Who are your peeps?

Defining who your people are is the key to engagement in any industry and it isn’t something just for designers to considering when creating a brand or ad campaign, but something that business owners should do too to help them connect to their people at every level of the business.

In this article we are going to dive deep into identifying customers and set a practice for identifying who your audience is.

You might say you already know who your audience is, and I’m sure you do. This exercise though, helps to draw out specifics that will help you engage and communicate in a way that the customer feels like you are taking directly to them.

For example: If you say that your customer is young women that’s a great start. But it’s still entirely too vague. Young women covers everyone from a 13 year old Taylor Swift fan to a 26 year old who plays in a heavy metal band. If you are trying to talk to these people in a way that appeals to booth, you are likely to appeal to neither.

Being specific is they key: that’s where the gold is.

That’s where your customer gets that “They are talking directly to me” feeling that brings out those feelings of loyalty that everyone is after.

To do this we are going to craft something called a persona. 

Making personas is a common practice for web designers when they are looking at who will be using the web site and i will cover making user persons for the web in another article. They can be incredibly useful for looking at who you are talking to as a brand or company as well.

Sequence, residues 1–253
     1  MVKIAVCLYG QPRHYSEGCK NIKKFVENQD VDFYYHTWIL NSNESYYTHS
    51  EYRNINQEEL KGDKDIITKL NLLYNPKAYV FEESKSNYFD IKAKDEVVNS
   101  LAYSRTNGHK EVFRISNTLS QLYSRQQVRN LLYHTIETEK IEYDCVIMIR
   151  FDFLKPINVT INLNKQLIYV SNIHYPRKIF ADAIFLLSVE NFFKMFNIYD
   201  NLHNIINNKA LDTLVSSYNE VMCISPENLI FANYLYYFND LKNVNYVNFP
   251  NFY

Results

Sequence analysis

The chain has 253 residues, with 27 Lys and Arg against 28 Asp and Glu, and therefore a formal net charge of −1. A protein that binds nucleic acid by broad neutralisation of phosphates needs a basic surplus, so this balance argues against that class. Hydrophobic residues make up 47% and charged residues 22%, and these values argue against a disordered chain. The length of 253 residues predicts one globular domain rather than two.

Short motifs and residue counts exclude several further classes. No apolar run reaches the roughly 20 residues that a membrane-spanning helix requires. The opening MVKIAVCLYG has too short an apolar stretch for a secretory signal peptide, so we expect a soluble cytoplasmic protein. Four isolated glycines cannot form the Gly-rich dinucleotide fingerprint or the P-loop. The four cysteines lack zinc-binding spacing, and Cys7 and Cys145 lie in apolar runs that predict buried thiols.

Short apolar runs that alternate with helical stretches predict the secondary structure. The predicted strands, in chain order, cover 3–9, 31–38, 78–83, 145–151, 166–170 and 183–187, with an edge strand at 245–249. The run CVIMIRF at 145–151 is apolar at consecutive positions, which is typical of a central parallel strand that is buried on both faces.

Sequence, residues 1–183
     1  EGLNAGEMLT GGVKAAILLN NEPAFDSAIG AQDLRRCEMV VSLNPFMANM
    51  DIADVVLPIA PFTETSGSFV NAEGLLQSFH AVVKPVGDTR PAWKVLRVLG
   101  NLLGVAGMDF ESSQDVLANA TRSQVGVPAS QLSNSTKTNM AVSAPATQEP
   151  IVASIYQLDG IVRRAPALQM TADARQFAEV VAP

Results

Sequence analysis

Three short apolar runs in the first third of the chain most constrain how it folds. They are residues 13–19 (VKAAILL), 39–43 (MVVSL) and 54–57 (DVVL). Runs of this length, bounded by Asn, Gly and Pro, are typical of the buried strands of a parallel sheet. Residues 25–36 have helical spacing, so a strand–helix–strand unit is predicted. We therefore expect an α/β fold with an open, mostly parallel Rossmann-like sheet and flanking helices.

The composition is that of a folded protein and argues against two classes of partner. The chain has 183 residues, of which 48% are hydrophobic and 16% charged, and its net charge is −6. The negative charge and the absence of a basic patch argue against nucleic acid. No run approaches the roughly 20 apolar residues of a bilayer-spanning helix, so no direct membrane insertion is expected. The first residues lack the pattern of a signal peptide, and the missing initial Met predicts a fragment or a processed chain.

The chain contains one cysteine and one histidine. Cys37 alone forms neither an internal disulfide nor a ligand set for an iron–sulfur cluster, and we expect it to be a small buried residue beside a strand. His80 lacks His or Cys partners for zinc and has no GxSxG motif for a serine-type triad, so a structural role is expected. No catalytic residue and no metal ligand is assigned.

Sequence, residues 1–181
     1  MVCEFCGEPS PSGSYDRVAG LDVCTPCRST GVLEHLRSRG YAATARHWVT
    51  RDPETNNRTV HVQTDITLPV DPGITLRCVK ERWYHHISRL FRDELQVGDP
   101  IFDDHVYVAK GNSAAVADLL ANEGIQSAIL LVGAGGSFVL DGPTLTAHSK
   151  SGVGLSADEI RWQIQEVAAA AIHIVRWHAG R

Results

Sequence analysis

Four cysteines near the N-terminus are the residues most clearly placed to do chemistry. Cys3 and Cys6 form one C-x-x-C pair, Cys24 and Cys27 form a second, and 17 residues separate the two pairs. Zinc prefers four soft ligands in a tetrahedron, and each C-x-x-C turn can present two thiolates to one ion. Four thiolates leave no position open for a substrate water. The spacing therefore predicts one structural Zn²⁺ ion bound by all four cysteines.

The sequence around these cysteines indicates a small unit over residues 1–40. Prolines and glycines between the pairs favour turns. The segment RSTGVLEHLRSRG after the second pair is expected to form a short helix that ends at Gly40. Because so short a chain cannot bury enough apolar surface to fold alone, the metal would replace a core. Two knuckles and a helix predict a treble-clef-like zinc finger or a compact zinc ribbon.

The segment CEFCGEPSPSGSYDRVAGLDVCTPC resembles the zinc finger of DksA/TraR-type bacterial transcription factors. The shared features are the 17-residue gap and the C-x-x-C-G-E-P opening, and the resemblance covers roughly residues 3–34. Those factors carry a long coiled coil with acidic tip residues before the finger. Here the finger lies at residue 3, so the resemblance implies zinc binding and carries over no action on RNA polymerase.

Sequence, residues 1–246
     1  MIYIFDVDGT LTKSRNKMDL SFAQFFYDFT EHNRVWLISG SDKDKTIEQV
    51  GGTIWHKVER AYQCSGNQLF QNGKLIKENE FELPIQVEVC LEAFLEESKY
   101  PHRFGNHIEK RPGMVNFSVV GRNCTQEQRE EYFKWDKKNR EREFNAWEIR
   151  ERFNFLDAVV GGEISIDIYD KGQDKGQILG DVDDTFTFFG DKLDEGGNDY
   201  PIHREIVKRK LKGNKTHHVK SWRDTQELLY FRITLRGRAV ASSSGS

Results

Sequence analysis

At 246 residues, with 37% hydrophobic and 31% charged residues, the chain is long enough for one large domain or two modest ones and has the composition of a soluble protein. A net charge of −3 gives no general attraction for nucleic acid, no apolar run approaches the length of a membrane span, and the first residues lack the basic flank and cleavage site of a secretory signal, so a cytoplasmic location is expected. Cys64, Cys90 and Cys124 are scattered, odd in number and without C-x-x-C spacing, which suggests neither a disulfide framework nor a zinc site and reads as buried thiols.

Personas are imaginary people who represent your customer. They have jobs, passions, interests, hopes, dreams frustrations, just like real people do. By creating as complete a picture as we can of our personas we start to develop someone we can actually talk to,instead of just a general idea of young women. One company who is well known for doing this is Lululemon. You can read about their persona’s here.

You might make one master persona for your brand, or you may want 10. It’s totally up to you.

Below is an example of a brand persona.

You may want to change some of the categories and dive into even more detail (When I was working with a fashion company we got into favourite TV and music as well for example)
Persona-Sheets2
Some common things you might want to include are:

  1. A picture: This just helps make it feel a little more real
  2. Demographics: Age, income, gender, location, profession
  3. Personality scale: Knowing these will help you look at how this person makes decisions
  4. Descriptive words: 3-5 words that describe this person
  5. A short Bio: Now we really start to tell a story
  6. References/Influences: This can often be extended into their world. Music movies etc. The idea is to get a glimpse of what else in the world they engage and interact with.
  7. Goals, Frustrations, Motivations: This is where we bring in you. How does the persona feel in regards to these categories in a way that relates to you. What goals can you help them reach? or what frustrations can you alleviate?
  8. Technology: Even at the brand level this is good to know to understand how to communicate with them.

You can add anything you want. Dive deep. Specific is good. And as you likely have more than one ideal customer, you will likely want to have more than one persona.

Try it yourself for your own brand. If you are a computer person you may want to practice making your persona’s with an online tool like Xtensio.

But of you are a better pen to paper thinker, I’ve included a Persona template for you to fill in yourself here.

Persona-Sheets